Famous Muslim saint Mian Mir was Dara's priest from whom he had heard Guru's praises. Dara's life was saved with the medicine from the Guru. In view of these circumstances Dara had great regard for the Guru. Since Dara became governor of Punjab, there were healthy relations between the Emperor and the Guru. Shah Jahan had an order against the Hindu temples while Sikh temples were exempt from such an order.
While Dara Shikoh was on his way to Lahore, the Guru happened to be in Goindwal. He met the Guru. Many writers give their own fanciful accounts of the assistance that the Guru gave to Dara. What type of assistance Dara asked or the Guru gave to Dara, is a big question? He had all the royal wealth, he had his generals and he had his army of thousand and thousand of men. He enlisted twenty thousand men in his army within days at Lahore. He had everything but he lacked a brave heart to fight in the battle-field. He fled from the field and ultimately was captured through a Pathan who betrayed him. He was brought to Delhi and was executed.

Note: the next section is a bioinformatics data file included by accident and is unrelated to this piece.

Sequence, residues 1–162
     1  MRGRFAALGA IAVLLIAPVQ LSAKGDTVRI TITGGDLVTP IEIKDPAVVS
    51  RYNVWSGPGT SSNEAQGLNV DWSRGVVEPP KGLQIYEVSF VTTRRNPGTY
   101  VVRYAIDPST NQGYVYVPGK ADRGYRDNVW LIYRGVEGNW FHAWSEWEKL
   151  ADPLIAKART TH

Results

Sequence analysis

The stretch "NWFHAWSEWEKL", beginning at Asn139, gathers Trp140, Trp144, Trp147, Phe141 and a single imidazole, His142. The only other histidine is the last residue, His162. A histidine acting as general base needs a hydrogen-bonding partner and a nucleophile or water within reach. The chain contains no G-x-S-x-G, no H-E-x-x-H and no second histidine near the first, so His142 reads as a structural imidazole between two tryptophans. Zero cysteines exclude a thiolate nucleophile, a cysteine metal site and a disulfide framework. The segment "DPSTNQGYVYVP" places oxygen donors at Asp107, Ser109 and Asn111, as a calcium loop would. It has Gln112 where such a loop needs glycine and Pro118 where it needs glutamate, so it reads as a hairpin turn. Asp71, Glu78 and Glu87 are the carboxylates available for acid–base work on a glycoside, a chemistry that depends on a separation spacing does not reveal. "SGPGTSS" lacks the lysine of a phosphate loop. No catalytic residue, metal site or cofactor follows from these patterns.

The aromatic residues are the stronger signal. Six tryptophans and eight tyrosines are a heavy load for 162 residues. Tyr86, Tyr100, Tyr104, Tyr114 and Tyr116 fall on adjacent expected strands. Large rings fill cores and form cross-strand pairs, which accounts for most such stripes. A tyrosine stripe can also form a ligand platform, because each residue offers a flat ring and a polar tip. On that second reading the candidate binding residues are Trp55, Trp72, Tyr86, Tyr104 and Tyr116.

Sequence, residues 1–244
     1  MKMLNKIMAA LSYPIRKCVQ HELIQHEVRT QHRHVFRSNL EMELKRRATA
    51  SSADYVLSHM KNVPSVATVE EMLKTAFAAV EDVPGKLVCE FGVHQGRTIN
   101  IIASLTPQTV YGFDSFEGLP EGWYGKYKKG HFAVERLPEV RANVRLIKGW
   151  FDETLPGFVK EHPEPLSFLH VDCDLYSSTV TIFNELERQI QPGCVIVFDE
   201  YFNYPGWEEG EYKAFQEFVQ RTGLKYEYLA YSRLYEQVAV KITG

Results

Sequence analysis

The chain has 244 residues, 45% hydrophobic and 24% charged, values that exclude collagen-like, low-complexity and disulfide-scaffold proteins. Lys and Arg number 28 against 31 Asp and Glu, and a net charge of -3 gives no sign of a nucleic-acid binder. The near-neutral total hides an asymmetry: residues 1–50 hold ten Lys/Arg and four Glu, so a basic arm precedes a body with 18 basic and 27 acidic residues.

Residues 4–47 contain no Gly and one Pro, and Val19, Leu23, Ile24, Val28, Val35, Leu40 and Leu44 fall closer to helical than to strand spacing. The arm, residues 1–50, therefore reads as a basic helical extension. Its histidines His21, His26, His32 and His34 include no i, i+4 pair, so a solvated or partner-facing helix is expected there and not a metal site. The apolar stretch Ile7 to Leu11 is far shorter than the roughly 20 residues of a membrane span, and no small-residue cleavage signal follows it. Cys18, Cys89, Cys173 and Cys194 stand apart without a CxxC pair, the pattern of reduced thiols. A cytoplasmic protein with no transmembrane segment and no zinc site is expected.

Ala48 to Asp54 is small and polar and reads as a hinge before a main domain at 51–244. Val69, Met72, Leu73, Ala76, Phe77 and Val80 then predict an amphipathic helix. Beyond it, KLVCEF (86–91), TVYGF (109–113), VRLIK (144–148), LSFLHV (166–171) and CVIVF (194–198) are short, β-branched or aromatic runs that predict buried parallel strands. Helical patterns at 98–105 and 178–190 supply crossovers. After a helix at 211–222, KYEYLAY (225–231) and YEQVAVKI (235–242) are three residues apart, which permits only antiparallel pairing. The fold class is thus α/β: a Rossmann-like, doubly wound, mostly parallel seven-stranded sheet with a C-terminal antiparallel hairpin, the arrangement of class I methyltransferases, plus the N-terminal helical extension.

Having made his position secure on the throne of Delhi, Aurangzeb embarked on his religious crusade against the Hindus. After Dara the enemies of the Guru got a chance to poison the mind of Aurangzeb that the Guru had rendered assistance to Dara against him. Upon this Aurangzeb summoned the Guru to his presence in Delhi. The Guru had vowed not to see the Emperor. Instead he sent his eldest son Ram Rai to Delhi instructing him to rely on the divine power of the Gurus, not in any way recede from the principles of his religion, and in all his words and actions to fix his thought on God, everything would prove successful.